NC State online MBA students have been studying incentive plans this semester. The main motivation behind such plans is to change employee motivation to generate additional net income for the employer.
This week's revelations about Wells Fargo show how a poorly designed plan can backfire. WF wanted its employees to cross-sell more accounts, e.g. get someone with a checking account to take out a mortgage. Employees ended up with aggressive sales targets and thousands of them created new accounts without the customer's knowledge so that they could collect bonuses.
Maryland Smith Professor Clifford Rossi argues that none of the traditional lines of defense against such behavior held. Line managers did not hold front line employees accountable until it was too late. Corporate risk management missed all signals as well, ditto for internal audit. According to WSJ, only 10% of the 5000+ employees who have been fired were at the branch manager level or higher. No senior officers have departed yet.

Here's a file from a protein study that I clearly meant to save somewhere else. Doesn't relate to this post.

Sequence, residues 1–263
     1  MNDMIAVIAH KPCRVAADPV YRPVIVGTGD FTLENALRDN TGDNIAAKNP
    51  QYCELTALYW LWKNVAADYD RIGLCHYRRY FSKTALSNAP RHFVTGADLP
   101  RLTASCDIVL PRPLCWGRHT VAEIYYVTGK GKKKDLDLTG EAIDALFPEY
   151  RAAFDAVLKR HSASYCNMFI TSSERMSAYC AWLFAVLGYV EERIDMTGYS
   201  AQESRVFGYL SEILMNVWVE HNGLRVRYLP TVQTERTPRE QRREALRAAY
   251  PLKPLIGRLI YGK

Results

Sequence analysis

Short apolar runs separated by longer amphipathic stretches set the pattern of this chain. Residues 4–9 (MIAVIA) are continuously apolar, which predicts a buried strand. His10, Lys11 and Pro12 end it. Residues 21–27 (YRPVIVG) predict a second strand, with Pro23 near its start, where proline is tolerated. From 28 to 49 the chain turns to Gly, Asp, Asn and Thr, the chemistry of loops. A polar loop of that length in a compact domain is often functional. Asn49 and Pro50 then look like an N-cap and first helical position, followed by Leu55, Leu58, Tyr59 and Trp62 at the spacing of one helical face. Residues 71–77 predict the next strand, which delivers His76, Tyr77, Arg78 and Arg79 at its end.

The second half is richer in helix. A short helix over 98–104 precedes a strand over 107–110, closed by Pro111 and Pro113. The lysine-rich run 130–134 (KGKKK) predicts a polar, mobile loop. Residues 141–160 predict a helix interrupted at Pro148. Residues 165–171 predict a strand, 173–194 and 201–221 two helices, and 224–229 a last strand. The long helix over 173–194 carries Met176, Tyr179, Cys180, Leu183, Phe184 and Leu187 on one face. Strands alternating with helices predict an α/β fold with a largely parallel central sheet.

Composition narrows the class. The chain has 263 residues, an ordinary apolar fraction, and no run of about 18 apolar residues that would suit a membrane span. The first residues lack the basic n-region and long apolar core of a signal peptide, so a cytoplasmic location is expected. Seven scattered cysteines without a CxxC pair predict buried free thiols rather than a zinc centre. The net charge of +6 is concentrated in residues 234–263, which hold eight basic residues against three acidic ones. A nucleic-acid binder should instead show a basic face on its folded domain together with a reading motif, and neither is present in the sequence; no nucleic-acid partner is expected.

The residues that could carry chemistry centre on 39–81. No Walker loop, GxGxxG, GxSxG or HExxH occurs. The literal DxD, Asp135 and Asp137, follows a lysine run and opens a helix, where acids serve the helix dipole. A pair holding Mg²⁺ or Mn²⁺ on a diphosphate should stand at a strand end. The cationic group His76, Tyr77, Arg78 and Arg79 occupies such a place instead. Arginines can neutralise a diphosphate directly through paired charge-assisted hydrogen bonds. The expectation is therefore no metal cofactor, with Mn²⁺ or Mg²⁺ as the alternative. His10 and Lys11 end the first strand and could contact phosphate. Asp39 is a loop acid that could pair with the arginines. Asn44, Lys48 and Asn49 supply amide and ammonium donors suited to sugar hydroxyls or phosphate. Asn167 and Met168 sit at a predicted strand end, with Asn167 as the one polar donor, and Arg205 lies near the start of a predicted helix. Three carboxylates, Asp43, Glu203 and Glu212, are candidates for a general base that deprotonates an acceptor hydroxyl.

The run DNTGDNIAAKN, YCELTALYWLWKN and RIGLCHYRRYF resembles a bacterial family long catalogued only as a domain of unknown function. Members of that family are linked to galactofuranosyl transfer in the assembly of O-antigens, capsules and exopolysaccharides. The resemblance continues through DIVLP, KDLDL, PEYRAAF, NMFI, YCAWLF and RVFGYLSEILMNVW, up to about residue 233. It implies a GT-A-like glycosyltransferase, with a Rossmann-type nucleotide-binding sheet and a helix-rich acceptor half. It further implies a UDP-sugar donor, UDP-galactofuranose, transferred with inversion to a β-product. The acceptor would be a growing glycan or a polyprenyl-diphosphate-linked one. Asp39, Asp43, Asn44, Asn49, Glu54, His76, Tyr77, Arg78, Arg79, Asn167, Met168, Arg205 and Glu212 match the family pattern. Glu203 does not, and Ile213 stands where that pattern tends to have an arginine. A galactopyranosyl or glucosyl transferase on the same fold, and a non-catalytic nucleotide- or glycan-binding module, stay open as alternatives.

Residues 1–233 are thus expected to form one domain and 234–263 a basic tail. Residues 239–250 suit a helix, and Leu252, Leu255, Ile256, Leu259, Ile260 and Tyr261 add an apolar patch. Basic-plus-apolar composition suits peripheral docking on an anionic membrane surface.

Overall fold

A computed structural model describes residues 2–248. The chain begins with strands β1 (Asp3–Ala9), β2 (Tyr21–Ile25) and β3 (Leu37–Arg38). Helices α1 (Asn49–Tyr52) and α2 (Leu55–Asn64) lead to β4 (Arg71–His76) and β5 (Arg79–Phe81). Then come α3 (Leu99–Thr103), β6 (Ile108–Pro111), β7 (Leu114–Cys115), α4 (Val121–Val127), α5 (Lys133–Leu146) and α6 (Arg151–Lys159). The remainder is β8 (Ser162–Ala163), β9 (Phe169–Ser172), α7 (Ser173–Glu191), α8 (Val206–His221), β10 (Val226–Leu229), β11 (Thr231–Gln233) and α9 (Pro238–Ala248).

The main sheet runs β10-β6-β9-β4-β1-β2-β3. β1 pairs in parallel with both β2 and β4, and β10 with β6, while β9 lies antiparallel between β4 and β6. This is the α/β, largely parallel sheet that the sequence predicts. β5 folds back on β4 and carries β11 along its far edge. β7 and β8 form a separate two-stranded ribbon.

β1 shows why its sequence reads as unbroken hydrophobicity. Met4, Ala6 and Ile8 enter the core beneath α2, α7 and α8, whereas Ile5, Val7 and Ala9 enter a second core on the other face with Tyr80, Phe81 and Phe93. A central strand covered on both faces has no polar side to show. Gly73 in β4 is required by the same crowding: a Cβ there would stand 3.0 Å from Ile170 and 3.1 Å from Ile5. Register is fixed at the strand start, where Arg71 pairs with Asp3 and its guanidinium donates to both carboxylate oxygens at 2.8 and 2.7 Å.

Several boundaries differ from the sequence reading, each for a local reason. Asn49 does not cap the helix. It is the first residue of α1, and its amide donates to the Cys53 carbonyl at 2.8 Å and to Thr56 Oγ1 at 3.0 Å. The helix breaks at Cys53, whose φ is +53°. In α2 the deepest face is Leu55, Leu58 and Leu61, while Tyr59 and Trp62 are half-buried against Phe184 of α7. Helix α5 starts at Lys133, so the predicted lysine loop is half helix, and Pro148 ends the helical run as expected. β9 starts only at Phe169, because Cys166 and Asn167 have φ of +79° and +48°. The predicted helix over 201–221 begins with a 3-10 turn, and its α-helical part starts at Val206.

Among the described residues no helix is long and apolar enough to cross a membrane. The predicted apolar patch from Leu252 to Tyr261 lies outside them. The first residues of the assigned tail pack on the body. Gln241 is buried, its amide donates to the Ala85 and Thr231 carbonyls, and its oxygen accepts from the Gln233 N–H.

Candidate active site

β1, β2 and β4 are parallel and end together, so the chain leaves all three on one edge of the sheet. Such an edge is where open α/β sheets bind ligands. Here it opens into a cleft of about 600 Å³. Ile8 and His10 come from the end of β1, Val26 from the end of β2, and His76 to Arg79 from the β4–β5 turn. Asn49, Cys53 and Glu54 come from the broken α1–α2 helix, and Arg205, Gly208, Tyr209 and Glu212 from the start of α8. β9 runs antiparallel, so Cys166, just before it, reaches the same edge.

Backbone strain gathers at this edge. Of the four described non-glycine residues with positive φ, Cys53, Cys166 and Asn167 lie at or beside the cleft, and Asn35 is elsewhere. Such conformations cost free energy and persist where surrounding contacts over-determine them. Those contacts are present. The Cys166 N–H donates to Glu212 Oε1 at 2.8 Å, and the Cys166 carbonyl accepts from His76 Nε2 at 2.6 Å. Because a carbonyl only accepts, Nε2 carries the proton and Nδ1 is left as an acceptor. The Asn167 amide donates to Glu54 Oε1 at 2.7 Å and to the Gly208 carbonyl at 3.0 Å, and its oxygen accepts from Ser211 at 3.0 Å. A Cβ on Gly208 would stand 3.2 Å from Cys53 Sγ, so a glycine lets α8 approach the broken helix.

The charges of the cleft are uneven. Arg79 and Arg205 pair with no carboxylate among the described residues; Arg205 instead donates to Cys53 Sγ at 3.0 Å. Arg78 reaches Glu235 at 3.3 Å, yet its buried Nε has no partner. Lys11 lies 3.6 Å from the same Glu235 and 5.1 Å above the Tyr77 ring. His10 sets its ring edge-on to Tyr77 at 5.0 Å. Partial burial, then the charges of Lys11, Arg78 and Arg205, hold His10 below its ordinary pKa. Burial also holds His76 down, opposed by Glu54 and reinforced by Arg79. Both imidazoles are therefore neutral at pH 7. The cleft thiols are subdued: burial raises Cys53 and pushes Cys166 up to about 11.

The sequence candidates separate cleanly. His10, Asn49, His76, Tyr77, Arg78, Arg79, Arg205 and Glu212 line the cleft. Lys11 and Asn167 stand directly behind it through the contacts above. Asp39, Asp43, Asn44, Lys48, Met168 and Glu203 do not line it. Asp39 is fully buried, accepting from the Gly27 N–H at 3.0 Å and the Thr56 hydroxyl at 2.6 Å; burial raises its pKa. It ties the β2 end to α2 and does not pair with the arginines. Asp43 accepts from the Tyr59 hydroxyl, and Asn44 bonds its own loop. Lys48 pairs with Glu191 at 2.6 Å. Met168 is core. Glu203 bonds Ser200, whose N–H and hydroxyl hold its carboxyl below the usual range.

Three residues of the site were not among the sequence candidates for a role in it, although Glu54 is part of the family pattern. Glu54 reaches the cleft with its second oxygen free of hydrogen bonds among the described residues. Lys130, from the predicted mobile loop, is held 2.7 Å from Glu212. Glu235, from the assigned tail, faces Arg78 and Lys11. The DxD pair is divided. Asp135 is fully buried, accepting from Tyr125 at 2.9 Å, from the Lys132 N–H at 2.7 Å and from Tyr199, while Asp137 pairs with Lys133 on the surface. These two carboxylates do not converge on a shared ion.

While the plan was in effect the number of Wells Fargo products per household rose from 5.5 to 6.4 over a four year period. And the four year period was 2009-2013, not exactly a time when people were taking out second mortgages to buy a new vacation home.
NYU finance prof Kermit Schoenholtz argues in the New Yorker that enforcement of financial regulations depends on bank self-monitoring. Right now, that "mechanism isn't working." Fines are supposedly designed to punish wrongdoing and send a message that banks will pay a stiff price if caught.
Wells has been fined $185m. Net income in the 2nd quarter of 2016 was $5.6 billion. The CEO John Stumpf still has his job.
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